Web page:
It includes, creating more physical space by de cluttering your home and just filling it with things you love and that inspire you. Also create more time by cutting hours at work or changing jobs to one you really like. Do you really need the TV to keep you company?  You may have noticed that ideas come when you’re doing things like washing dishes, walking the dog, having a shower, but not very often watching TV, which tends to dull the senses and render us zombie like.

Give thanks
A ‘thankyou’ is the alchemy of the universe. By giving thanks for what you have turns any negative energy into something magical that is pregnant with possibilities.

Have a pen and note book handy.
Yep, you never when she’s going to whisper in your ear, so make sure you have way of recording it either with an old fashion notepad and pen or tap it into your iPhone, and then email it home like I do.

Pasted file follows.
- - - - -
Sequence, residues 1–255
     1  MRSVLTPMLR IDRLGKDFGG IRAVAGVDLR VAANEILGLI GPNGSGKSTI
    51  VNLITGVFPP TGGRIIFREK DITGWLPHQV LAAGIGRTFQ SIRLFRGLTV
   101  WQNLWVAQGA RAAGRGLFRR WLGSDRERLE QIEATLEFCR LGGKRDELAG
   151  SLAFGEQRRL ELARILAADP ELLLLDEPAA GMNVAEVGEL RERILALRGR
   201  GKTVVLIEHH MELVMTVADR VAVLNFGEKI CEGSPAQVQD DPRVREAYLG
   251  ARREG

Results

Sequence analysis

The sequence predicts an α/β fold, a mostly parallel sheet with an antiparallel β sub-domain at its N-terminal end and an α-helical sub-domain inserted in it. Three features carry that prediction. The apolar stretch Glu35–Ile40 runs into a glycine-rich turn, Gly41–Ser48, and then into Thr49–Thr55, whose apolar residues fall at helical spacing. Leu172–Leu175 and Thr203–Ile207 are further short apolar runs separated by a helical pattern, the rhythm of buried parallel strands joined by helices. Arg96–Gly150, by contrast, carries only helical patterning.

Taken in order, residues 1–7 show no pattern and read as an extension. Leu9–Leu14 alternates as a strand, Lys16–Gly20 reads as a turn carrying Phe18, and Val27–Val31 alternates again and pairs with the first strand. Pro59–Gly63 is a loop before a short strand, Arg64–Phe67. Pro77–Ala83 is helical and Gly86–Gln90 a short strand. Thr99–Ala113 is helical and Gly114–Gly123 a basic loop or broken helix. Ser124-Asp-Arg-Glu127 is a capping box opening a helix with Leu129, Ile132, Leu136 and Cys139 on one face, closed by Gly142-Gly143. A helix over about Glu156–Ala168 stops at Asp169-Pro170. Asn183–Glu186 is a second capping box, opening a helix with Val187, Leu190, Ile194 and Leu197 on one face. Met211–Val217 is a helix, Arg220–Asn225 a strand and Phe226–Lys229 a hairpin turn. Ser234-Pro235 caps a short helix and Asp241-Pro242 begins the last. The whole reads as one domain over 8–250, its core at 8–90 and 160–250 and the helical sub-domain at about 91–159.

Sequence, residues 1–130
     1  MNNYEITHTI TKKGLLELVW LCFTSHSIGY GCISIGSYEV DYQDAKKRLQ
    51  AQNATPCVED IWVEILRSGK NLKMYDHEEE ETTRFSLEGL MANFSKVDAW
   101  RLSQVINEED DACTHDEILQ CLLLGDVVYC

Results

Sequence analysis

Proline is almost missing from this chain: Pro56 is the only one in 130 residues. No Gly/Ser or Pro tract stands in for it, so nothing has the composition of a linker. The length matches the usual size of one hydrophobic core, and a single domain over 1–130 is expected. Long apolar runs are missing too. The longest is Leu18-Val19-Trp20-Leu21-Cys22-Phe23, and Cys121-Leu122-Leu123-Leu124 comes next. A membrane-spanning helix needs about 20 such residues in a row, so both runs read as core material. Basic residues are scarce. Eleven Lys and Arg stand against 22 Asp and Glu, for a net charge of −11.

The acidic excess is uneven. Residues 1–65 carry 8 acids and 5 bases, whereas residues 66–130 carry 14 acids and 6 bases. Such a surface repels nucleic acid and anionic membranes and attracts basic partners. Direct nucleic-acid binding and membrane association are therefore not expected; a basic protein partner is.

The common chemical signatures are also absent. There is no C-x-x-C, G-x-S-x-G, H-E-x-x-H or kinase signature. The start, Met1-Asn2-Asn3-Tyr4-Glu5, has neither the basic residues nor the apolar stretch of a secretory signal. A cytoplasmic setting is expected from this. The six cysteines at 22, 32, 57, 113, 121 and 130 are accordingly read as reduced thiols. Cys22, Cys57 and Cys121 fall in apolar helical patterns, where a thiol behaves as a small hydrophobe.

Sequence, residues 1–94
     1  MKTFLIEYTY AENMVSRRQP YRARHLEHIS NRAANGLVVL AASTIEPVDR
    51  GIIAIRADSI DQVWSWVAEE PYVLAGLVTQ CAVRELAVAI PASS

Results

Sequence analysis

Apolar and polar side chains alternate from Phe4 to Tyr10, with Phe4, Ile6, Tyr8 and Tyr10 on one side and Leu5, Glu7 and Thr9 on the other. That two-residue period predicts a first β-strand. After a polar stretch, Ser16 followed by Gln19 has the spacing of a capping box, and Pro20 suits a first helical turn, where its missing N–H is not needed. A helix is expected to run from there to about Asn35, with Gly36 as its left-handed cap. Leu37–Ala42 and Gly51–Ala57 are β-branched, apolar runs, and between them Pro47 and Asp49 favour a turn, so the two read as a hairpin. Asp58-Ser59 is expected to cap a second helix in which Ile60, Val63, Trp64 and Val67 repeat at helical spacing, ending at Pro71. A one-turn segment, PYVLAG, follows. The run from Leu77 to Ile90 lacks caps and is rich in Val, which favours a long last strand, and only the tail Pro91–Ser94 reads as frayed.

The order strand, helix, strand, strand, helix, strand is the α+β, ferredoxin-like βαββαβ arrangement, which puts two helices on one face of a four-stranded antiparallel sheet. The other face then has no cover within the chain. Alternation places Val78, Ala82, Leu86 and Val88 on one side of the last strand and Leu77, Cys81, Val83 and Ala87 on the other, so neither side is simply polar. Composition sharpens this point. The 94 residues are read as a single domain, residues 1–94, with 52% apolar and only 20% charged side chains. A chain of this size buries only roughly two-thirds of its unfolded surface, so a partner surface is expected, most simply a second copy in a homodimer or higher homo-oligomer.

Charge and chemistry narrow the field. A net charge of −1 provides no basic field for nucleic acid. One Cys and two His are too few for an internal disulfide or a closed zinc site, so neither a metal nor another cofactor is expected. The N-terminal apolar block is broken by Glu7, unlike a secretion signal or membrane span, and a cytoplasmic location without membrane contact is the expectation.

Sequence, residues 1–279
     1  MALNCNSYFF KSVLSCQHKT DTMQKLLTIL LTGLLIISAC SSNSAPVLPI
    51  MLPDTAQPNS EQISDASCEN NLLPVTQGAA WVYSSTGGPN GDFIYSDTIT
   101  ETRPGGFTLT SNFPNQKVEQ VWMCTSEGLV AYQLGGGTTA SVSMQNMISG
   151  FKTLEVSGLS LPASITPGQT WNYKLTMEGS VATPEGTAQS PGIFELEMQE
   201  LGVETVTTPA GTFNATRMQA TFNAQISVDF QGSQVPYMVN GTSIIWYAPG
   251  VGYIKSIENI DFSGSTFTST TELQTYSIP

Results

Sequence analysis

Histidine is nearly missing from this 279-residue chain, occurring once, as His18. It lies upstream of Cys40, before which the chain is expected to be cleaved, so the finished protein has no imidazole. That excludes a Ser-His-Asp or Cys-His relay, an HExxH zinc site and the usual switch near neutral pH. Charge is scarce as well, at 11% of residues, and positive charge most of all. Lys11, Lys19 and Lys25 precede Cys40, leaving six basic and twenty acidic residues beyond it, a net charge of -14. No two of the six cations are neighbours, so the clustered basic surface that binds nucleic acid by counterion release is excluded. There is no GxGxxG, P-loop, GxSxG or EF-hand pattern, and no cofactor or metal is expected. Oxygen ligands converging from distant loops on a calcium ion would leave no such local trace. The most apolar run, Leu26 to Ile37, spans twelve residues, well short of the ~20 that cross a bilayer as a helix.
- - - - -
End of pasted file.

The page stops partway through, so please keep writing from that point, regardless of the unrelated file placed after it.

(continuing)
Go well and go gently on your journey with your muse, but unfortunately it’ll be on her terms however that’s OK you were just planting flowers anyway.

2 comments:

  1. Hi Josh - I have just read your article in Living Now - Celebrating your Heart and for some reason it really resonated with me. In fact (I hope you don't mind) I felt I had to share it with my blog readers on www.53buddhas.blogspot.com. It's funny I am from Melbourne and am currently travelling around Australia. We are in Perth at the moment and are heading to the south west at the end of the week, which is where I think you could be from. I look forward to checking out your blog now. Mmmm I hope I don't sound like a stalker. Oh well if I do, I'm not.

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  2. HI Devine, I'm happy for your to share the piece from Living Now magazine. The more people that celebrate their heart the better! You'll love the South West, it's a beautiful spot. Places you must see:
    Wilyabrup Dreaming Pottery Off Caves road.
    Meelup Beach
    Wills Domain Winery.

    And no you don't sound like a stalker, just a passionate person about life!
    Enjoy your trip and i'll follow you on your blog.